Turkey’s central bank held its policy rate steady at 8.25% for a second consecutive month on July 23, meeting the widely-held market expectation. It said that there was a risk of inflation overshooting its year-end projection.
The key interest rate stands well below Turkey’s official annual inflation rate, which moved up to 12.6% in June, leaving real rates in negative territory. The central bank trimmed its year-end inflation forecast to 7.4% in April, but analysts said it appeared that the regulator would revise its forecast higher in its next inflation report, due on July 29.
Assessing the latest Turkish rates decision, Jason Tuvey at Capital Economics, said: “We think that rates will now be left on hold for the next couple of years. But given high rates of inflation as well as the lingering threat of renewed falls in the lira, the risks are skewed towards tighter policy.”
The central bank has lowered its benchmark rate by a cumulative 1,575bp between July last year and May, but hit the brakes at its previous rate-settng meeting.
“The recent rise in inflation appears to be the overriding factor behind the central bank’s decision to refrain from further stimulus,” added Tuvey. “Indeed, in the accompanying statement, the monetary policy committee acknowledged that the ‘the risks to the end-year projection are considered to be on the upside due to recent realisations of inflation’.”
Analysts said the effects of falls in the Turkish lira—the currency hit a fresh all-time low against the dollar in early May—were, along with the recovery in oil prices, partly to blame for the recent jump in Turkish core inflation, which rose from 10.3% y/y in May to 11.6% y/y last month.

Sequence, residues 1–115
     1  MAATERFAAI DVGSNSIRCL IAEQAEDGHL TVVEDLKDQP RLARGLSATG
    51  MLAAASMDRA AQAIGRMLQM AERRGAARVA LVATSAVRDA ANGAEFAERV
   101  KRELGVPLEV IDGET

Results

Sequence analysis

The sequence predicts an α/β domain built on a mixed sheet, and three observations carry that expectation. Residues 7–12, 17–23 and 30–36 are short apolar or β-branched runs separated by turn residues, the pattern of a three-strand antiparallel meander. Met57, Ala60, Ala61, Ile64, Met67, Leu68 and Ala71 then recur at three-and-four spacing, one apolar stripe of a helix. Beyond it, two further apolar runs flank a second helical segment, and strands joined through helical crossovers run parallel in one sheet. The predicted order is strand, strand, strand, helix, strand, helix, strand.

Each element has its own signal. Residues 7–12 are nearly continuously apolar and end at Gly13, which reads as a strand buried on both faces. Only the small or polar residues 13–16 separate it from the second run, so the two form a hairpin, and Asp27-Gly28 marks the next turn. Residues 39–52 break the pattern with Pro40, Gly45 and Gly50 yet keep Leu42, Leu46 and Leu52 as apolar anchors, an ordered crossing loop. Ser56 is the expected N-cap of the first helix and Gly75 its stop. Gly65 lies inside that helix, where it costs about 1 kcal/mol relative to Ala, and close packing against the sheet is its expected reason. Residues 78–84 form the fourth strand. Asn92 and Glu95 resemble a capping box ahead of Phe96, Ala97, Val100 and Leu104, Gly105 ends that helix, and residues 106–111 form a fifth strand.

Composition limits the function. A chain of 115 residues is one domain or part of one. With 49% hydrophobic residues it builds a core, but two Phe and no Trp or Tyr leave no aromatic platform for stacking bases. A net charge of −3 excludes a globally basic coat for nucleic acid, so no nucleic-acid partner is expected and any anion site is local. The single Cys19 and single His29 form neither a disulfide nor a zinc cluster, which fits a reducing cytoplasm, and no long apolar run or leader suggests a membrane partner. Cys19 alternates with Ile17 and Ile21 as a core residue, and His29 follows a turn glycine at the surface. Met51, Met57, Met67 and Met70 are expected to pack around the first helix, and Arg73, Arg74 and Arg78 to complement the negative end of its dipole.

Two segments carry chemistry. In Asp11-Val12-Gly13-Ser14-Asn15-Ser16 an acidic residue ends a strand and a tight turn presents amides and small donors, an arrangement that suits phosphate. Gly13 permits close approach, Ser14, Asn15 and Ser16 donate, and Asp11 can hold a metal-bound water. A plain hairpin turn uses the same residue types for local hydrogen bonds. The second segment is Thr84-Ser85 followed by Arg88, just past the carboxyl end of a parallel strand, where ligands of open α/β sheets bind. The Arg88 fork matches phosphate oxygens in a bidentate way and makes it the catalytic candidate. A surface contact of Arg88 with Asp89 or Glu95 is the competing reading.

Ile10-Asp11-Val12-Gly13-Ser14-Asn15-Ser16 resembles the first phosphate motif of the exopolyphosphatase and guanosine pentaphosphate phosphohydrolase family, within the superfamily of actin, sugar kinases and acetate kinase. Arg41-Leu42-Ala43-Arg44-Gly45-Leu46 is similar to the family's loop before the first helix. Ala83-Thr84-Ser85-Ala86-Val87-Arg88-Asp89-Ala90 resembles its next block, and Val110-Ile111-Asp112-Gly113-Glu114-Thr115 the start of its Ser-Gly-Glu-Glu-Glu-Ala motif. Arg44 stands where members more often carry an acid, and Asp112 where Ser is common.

It’s become increasingly clear recently that the central bank is intervening to keep the lira close to 6.85/$ and “the central bank may have felt that lowering interest rates further would undermine its efforts to keep the currency stable”, Tuvey also said.
Piotr Matys, senior emerging markets forex strategist at Rabobank, was cited by Reuters as saying that as the economy recovers, people will be willing to spend more, which would lead to an increase in demand-driven inflationary pressure.
“If Turks are more confident, if unemployment stops rising and people feel more secure about their jobs then they will start spending money again. That would prevent inflation from falling,” he said.
The central bank is showing more confidence that the economy is delivering sufficient momentum to carry it past the sharp downturn that began after the coronavirus (COVID-19) crisis struck Turkey in mid-March. The national lender said a recovery started in May and was “gaining pace,” with the tourism industry likely to see a “partial improvement” now that some of the travel restrictions are being lifted.
Sebastien Barbe, the Paris-based head of emerging market research and strategy at Credit Agricole, was quoted by Bloomberg as warning that the return of Turkish current account deficits should “eventually alter the market perception” of the lira, especially with macroeconomic risks rising as inflation accelerates.
“The reflationary policy, with credits to the economy having accelerated to their highest level since 2015 in real terms, is also fueling external imbalances,” he said before the rate announcement. “From the central bank point of view, it may make sense to be wary about those macro-imbalances and the FX and to keep the policy rate stable once again.”
The lira has weakened 13% against the dollar this year.